Parties to the Convention must submit national reports on implementation of the Convention to the Conference of the Parties (COP). The required contents of national communications and the timetable for their submission are different for Annex I and non-Annex I Parties. This is in accordance with the principle of "common but differentiated responsibilities" enshrined in the Convention.

The core elements of the national communications for both Annex I and non-Annex I Parties are information on emissions and removals of greenhouse gases (GHGs) and details of the activities a Party has undertaken to implement the Convention. National communications usually contain information on national circumstances, vulnerability assessment, financial resources and transfer of technology, and education, training and public awareness.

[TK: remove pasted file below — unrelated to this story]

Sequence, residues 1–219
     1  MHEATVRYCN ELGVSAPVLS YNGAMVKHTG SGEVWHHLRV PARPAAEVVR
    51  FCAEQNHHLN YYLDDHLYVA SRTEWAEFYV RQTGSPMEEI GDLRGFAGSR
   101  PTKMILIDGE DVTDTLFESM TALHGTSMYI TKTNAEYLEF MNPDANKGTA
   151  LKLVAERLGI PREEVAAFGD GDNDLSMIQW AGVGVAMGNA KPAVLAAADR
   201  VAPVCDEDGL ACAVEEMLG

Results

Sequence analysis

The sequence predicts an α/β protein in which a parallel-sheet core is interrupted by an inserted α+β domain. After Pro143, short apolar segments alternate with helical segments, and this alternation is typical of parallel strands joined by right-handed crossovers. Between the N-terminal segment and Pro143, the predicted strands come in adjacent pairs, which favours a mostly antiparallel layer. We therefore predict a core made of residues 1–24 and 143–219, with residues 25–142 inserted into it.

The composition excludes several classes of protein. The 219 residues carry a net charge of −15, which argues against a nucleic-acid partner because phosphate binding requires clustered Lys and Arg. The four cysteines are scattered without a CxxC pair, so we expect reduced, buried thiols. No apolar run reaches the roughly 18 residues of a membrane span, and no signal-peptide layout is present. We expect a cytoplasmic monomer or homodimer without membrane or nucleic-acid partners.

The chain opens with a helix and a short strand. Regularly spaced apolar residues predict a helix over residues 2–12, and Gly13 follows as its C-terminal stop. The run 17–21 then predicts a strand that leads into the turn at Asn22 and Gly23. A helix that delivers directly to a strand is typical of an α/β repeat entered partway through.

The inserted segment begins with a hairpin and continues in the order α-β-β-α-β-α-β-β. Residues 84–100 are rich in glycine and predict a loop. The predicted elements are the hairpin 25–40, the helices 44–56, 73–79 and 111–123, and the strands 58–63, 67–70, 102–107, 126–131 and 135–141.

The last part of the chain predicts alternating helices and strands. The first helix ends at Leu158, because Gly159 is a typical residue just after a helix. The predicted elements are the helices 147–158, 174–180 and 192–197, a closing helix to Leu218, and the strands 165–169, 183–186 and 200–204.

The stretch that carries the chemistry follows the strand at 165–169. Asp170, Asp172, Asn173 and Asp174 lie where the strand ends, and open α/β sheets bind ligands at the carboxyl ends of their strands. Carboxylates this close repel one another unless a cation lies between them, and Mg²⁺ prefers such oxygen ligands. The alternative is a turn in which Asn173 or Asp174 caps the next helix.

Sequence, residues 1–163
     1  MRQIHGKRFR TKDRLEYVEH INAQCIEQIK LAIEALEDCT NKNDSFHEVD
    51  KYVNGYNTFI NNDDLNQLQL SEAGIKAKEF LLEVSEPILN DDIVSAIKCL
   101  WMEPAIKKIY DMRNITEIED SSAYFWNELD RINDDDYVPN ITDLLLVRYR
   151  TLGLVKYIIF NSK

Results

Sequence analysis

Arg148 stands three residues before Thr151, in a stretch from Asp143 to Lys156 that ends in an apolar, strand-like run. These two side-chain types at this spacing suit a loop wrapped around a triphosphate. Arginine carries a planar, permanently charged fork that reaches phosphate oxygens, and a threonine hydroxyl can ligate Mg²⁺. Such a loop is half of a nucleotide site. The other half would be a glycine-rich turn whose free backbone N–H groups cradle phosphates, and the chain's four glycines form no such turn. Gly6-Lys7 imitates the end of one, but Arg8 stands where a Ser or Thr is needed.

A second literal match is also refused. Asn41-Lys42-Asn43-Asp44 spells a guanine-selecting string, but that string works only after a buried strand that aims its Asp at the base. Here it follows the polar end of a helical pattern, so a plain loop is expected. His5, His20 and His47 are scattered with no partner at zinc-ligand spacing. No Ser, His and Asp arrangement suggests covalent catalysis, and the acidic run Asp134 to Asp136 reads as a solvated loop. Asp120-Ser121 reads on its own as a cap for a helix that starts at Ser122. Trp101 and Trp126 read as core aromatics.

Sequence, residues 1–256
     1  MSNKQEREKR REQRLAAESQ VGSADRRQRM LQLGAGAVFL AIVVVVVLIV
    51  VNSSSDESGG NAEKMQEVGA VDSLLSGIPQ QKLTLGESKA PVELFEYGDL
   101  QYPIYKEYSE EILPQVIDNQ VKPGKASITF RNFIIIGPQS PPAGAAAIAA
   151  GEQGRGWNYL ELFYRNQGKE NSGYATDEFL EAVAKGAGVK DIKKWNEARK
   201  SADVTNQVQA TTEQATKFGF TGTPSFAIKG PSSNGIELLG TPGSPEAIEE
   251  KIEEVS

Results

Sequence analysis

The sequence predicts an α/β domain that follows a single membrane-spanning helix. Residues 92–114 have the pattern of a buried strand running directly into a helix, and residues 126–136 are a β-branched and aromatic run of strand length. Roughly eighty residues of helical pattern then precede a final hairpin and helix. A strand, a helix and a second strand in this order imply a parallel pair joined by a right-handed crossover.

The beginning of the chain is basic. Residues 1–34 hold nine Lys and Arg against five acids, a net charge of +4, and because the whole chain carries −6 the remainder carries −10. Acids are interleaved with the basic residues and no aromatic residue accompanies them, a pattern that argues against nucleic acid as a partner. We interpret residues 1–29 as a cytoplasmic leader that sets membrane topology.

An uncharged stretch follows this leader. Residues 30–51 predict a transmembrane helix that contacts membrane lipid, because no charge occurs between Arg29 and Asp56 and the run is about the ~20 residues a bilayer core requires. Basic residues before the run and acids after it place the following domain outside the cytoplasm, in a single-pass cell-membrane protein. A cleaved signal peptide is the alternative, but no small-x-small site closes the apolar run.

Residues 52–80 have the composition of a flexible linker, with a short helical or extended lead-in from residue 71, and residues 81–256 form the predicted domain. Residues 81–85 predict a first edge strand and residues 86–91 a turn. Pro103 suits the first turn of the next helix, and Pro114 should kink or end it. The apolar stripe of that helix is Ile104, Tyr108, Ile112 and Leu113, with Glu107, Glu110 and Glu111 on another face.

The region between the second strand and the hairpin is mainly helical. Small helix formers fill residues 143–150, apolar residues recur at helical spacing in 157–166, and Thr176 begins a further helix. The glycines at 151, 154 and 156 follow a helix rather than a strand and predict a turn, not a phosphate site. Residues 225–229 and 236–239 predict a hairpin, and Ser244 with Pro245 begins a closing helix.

Since 1994, governments have invested significant time and resources in the preparation, collection and validation of data on GHG emissions, and the COP has made determined efforts to improve the quality and consistency of the data, which are ensured by established guidelines for reporting. Non-Annex I Parties receive financial and technical assistance in preparing their national communications, facilitated by the UNFCCC secretariat.

Contacts

UNDP
Yamil Bonduki
Coordinator, National Communications Support Programme (NCSP)
Government of Thailand
Vute Wangwacharakul
Project Affiliate
Government of Thailand
Dr. Vute Wangwacharakul
Project Affiliate